Russian warplanes are intensely pounding Syria’s northwestern Idlib province to add pressure on Ankara ahead of an anticipated meeting between President Vladimir Putin and Turkish President Recep Tayyip Erdogan in Sochi, according to a senior Turkish official.
By the end of September, a tripartite summit, including Iran, will be held in the Black Sea resort city of Sochi under the Astana process.
Speaking to Hürriyet Daily News under the conditions of anonymity, the senior official said that the “main agenda point is Syria, namely Idlib.” They were referring to planned talks in Sochi.
“The conditions set out in the Idlib agreement have not been fully implemented,” they added.
An agreement signed in March 2020 had followed weeks of fighting that brought Turkey and Russia close to conflict and displaced nearly a million people.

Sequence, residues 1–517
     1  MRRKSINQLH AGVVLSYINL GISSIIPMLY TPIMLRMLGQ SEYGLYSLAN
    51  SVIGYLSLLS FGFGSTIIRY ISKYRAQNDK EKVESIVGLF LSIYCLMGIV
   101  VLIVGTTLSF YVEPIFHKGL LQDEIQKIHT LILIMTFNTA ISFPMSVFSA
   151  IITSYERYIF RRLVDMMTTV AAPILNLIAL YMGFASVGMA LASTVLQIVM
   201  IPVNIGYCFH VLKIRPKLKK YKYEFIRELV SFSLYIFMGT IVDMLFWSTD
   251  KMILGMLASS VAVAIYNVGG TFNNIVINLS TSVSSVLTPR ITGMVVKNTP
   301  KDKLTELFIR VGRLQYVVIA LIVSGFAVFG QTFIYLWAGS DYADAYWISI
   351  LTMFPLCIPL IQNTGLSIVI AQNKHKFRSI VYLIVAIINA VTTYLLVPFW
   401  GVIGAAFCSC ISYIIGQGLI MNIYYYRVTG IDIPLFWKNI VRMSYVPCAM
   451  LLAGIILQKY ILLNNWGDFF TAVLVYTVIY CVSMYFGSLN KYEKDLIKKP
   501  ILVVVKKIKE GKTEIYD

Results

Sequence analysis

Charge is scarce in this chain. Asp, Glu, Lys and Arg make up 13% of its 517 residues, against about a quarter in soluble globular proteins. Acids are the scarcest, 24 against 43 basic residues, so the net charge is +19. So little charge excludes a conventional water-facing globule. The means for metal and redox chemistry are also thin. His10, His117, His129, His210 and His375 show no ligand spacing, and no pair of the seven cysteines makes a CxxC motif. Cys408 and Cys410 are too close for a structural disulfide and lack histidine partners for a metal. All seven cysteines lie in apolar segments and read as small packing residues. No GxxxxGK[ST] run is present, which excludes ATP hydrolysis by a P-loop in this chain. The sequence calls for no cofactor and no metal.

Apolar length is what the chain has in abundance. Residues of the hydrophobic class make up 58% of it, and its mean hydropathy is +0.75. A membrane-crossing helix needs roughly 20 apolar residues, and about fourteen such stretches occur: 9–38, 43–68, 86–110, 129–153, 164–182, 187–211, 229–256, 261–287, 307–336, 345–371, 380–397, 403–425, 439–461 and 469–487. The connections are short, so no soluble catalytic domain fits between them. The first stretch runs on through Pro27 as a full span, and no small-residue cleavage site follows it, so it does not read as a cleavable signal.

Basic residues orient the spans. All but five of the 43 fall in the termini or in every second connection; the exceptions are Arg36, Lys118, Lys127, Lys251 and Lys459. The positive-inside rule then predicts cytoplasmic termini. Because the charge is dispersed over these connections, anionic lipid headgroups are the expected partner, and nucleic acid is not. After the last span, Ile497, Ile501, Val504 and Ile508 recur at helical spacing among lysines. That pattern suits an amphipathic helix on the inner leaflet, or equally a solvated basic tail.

The official added that the intense strikes launched by Russian and Syrian warplanes on targets in Idlib in recent weeks indicate that the calm that has prevailed in the region since the March 2020 agreement had started to change.
Moscow is trying to pressure Turkey through its sudden escalation of airstrikes in Idlib, the official explained.
In an article published by Hürriyet, Turkish writer and analyst Sedat Ergin said that Moscow and Damascus stepping up their airstrikes in Idlib over the last few weeks aims to redirect Turkey’s attention away from developments in Afghanistan.
Ergin warns that Turkey could be looking at a future like that of Afghanistan in Idlib.
“The sudden increase in Russian air attacks in Idlib is possibly aimed at putting pressure on Ankara for other political reasons,” said Ergin, highlighting that the strikes come just a few days away from the anticipated talks in Sochi.
For Ergin, Russia is “trying to reinforce its negotiating position by conducting more strikes ahead of the summit.”